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Hello, I would like to know if this already has been researched.

There has been lot of research done, where logics are limited. They are often limited in the axioms or inference rules, which makes them weaker.

However, I am interested if someone has researched logics that are limited in arithmetic hierarchy. I am interested in a system that has only sentences of $\Pi^0_2$.

Has someone worked that out?

Lucas

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What do you mean by $\Pi^0_2$? Do you want only formulas of the form $\forall x_1\forall x_2\cdots\forall x_n\exists y_1\cdots\exists y_m \phi(x_1,\ldots,y_1,\ldots)$, or do you want to allow combinations of such formulas as well? –  Henry Towsner Nov 23 '10 at 22:28
    
The sentence does not need to be in the standard form, as long as it can be converted to a $\Pi^0_2$ sentence in a automated way. –  Lucas K. Nov 23 '10 at 22:37
    
There are a few example of theories where the syntax is restricted; probably the most common is that PRA is often defined as outright not having quantifiers. But allowing exactly formulas equivalent to $\Pi^0_2$ seems very unnatural; for instance, your formulas wouldn't be closed under negation. I guess it might help to know what your motivation is; I have trouble believing that literally restricting the syntax to exactly the $\Pi^0_2$ formulas is the right way to accomplish it. –  Henry Towsner Nov 23 '10 at 22:51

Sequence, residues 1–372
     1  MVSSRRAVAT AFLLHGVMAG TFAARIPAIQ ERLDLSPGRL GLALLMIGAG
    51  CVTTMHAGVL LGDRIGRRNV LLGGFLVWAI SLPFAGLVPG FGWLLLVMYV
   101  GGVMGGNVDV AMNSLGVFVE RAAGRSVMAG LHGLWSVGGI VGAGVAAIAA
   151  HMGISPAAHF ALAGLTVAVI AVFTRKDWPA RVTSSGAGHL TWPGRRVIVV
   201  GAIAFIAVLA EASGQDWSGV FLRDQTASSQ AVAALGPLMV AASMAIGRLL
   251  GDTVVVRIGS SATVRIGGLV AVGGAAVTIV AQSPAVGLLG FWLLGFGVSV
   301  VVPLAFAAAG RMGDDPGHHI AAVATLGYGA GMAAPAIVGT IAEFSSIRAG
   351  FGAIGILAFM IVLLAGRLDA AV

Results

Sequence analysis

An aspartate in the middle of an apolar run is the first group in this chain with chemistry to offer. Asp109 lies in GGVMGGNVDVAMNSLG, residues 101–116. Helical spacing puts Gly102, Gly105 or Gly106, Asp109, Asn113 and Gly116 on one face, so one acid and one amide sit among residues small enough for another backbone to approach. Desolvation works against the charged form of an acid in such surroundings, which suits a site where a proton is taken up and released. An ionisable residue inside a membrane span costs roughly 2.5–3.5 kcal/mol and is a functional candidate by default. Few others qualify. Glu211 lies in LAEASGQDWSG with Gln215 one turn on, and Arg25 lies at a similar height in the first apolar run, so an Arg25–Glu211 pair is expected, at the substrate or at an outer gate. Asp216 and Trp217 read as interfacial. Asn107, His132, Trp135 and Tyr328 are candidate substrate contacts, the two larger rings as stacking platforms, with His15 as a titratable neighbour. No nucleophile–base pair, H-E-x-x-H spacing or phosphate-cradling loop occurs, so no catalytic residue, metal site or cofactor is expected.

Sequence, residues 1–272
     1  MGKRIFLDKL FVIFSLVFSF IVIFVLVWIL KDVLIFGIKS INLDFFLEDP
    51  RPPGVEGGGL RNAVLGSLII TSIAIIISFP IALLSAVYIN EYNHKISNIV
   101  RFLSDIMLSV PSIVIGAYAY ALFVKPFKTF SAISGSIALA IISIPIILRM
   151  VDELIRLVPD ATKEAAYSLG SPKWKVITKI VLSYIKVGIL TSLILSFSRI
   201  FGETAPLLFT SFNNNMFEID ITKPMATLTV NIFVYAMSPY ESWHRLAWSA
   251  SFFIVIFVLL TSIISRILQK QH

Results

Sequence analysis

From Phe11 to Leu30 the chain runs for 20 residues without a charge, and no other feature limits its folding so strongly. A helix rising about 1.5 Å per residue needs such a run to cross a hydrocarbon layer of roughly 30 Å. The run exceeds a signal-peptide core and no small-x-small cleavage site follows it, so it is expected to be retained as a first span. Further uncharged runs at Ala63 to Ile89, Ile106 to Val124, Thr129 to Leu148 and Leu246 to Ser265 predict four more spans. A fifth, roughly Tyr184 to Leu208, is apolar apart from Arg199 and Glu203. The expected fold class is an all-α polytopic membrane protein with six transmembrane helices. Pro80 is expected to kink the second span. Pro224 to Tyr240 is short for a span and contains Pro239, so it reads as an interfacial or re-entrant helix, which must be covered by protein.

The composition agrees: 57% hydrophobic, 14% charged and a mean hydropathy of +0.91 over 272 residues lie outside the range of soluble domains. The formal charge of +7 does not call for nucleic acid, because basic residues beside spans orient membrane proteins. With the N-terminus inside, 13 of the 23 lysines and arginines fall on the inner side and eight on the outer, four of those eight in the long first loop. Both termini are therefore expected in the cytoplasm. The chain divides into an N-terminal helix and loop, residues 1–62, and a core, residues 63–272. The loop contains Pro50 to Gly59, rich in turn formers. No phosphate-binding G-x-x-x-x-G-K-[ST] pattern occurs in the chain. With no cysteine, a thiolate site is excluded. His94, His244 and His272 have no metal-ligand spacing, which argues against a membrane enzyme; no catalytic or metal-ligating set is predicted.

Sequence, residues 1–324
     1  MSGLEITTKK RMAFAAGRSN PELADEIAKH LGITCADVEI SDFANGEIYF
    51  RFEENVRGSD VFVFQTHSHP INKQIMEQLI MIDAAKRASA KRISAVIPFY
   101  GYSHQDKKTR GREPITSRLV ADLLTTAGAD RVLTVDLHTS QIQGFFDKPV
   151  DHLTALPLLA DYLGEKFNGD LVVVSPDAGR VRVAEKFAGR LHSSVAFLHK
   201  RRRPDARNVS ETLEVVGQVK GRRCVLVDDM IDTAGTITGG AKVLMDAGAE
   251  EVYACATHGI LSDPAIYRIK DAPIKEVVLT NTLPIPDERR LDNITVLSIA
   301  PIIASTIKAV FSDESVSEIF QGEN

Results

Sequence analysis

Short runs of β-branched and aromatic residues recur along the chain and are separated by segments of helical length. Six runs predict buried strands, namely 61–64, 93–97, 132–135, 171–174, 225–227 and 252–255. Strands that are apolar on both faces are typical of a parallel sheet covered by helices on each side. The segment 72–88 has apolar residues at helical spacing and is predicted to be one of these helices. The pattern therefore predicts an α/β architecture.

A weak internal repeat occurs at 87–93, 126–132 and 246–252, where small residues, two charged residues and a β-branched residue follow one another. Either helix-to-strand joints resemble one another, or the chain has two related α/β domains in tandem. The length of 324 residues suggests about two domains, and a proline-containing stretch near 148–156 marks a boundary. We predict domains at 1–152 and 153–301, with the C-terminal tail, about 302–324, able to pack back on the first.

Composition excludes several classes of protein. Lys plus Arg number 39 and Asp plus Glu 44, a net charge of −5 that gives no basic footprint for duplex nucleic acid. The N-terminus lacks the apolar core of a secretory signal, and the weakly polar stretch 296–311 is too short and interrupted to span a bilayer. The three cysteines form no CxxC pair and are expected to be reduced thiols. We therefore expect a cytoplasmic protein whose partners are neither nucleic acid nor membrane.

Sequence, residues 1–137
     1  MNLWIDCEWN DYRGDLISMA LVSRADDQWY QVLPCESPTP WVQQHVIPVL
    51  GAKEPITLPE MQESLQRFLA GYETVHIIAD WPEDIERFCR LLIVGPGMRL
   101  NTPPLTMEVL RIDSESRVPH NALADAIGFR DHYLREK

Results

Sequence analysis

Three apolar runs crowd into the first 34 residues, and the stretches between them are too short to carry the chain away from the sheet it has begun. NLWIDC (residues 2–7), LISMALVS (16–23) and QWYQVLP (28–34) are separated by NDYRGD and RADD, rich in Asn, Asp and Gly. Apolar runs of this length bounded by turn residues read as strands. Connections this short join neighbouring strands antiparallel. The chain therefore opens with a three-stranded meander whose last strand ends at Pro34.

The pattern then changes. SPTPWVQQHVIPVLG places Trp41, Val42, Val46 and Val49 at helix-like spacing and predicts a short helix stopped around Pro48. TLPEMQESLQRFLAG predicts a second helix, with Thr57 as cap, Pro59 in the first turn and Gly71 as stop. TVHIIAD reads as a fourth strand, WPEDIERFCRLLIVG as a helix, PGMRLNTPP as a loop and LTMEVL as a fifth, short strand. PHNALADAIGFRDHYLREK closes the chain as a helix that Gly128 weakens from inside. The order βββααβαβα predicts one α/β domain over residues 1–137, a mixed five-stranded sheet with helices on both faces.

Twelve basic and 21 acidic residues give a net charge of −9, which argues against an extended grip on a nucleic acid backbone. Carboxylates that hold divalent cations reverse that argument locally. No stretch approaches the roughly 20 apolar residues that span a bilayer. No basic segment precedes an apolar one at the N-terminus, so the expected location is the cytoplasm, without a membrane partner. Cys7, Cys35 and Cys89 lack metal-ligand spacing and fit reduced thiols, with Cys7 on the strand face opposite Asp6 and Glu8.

My motivation comes from foundation of mathematics. I concluded that $\Pi^0_2$ sentences are very important. Most questions in logic are $\Pi^0_2$. Furthermore, I discovered when making a computer program, the puzzles to be solved are of $\Pi^0_2$ nature. $\Pi^0_2$ sentences can be expressed as the equivalence of two Turing programs with input. And, finally I read that $\Pi^0_2$ sentences have absoluteness, although I do not entire understand that concept. So, I was curious if one could restrict logic to these sentences. And indeed, not allowing negation in some cases. –  Lucas K. Nov 23 '10 at 23:00
    
In addition to my previous comment. It may look unnatural, but that depends on the view you take. If you look at actual problems, then $\Pi^0_2$ sentences are a very important set and covers almost all problems in discrete mathematics. You hardly need more arithmetic depth than that. Sentences with more depth might be also be constructed via a meta-level. So, one can also say that it is quite unnatural to allow arbitrary depth. –  Lucas K. Nov 23 '10 at 23:20
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3 Answers

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$\Pi_2$ statements can be modeled in the form of a "question and answer." Specifically, the statement $(\forall a \in A)(\exists b \in B)\phi(a,b)$ can be thought of as follows: $A$ is a set of questions, $B$ is a set of answers, and $\phi(a,b)$ determines whether $b$ is a correct answer to question $a$. It turns out that this scenario lends itself to interpreting Girard's Linear Logic. This is described in detail by Andreas Blass in Questions and Answers — A Category Arising in Linear Logic, Complexity Theory, and Set Theory; in fact, Andreas Blass has several papers on the subject.

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Thanks, for the references. That is what I asked for. –  Lucas K. Nov 27 '10 at 22:13